LESS than 24 hours after taking over as Prime Minister Theresa May has wasted no time ushering in an historic new era of British politics.
And the emphatic message from her first full day in office was this will not simply be business as usual. Mrs May had already raised eyebrows by appointing Boris Johnson as Foreign Secretary on Wednesday evening, and further extended an olive branch to Brexiteers by making her former leadership rival Andrea Leadsom the new Environment Secretary.
If there was magnanimity in those appointments Mrs May also displayed a ruthless streak in getting rid of several big names, most notably George Osborne, Michael Gove and Nicky Morgan, who has been replaced as Education Secretary by Rotherham-born Justine Greening.
It was not just familiar faces that were being shown the door, in some cases entire departments have either been replaced or merged as Mrs May sets about creating her vision for a dynamic new government.
For others, this changing of the guard has brought new opportunities. David Davis takes on the mantle of newly-created Secretary of State for Exiting the EU, while Elizabeth Truss takes over as Justice Secretary after what was, at times, a troubled stint as Environment Secretary.
The new Prime Minister clearly wanted to make her mark and she has certainly done that. Mrs May has acted with confidence and shown a steely determination that will no doubt be tested in the coming weeks and months.
The fact that this will not simply be a continuation of the Cameron and Osborne show is to be welcomed. We are entering uncharted political territory and with a working majority of just 16 the new Prime Minister will hope that she does not come to regret upsetting the status quo.
Mrs May has made a bold start. Only time will tell if she is able to deliver on this early promise.
Switching parents on to learning
Not all that long ago, when a school wanted a parent to know about a particular issue they would write a letter. Some of those missives would be carefully read; many though ended up at the bottom of school bags never to see the light a day.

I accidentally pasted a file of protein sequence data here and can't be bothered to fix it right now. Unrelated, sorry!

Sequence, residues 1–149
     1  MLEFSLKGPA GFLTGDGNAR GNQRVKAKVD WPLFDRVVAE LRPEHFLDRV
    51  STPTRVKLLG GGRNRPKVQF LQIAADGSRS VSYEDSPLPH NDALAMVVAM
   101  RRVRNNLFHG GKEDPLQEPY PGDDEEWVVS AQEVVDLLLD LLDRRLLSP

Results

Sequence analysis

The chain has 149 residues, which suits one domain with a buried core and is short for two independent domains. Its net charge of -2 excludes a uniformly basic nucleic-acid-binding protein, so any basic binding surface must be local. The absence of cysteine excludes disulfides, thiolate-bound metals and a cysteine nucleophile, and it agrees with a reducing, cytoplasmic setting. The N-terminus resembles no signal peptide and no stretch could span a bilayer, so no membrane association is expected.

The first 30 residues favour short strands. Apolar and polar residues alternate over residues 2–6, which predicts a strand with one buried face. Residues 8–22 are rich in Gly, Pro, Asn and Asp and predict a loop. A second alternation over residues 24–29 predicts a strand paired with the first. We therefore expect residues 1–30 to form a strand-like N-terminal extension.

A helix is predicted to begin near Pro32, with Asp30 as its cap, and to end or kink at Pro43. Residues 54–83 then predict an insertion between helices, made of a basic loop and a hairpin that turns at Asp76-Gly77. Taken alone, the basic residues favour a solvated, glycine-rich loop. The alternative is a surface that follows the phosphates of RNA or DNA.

Not any more. Today, communication between the classroom and home is increasingly carried out by text. Some may bemoan the move to mobiles, but according to new research a few simple text messages may not only keep parents informed, but they may also reap rewards when it comes to results.
The Education Endownment Foundation decided to see what happened if parents were alerted by text about everything from an important upcoming test to missed homework deadlines. And the results were impressive.
Involving 16,000 students across 36 secondary schools, the trial found that by sending an average of just one text a week, it was possible to boost exam results by the equivalent of an extra month in the classroom.
The best head teachers are always searching for innovative ideas to improve pupil and parental engagement and this may be one of the simplest – and costing at most just £6 a pupil, it might also be one of the cheapest.
Through social media, email and text we are bombarded by more information than ever before. Most of it warrants no further action than a quick press of the delete button.
However, if the results of this research are borne out, those weekly text messages could prove some of the most important a parent will ever receive.
The livestock is back on the farms. The cheesemakers, chocolatiers and artisan breadmakers have packed up their wares. Even the fake Scarborough beach is no more.
Yesterday evening the curtain fell on another Great Yorkshire Show and what a three days it had been. During the 158th event, winners were crowned, the new £11.5m exhibition hall was officially christened and even Geoffrey Boycott put in an appearance.
As a showcase for all that’s great about Yorkshire, there is none finer. As a platform from which to champion the people who oil the wheels of the county’s rural economy there is no better.
For many of those taking part, the show was as much a break from the daily routine as it was for the 130,000 visitors who passed through the turnstiles.
Part celebration, part rallying call for the issues which must be on the new Government’s rural manifesto, the Great Yorkshire Show was our chance to shine. And we did.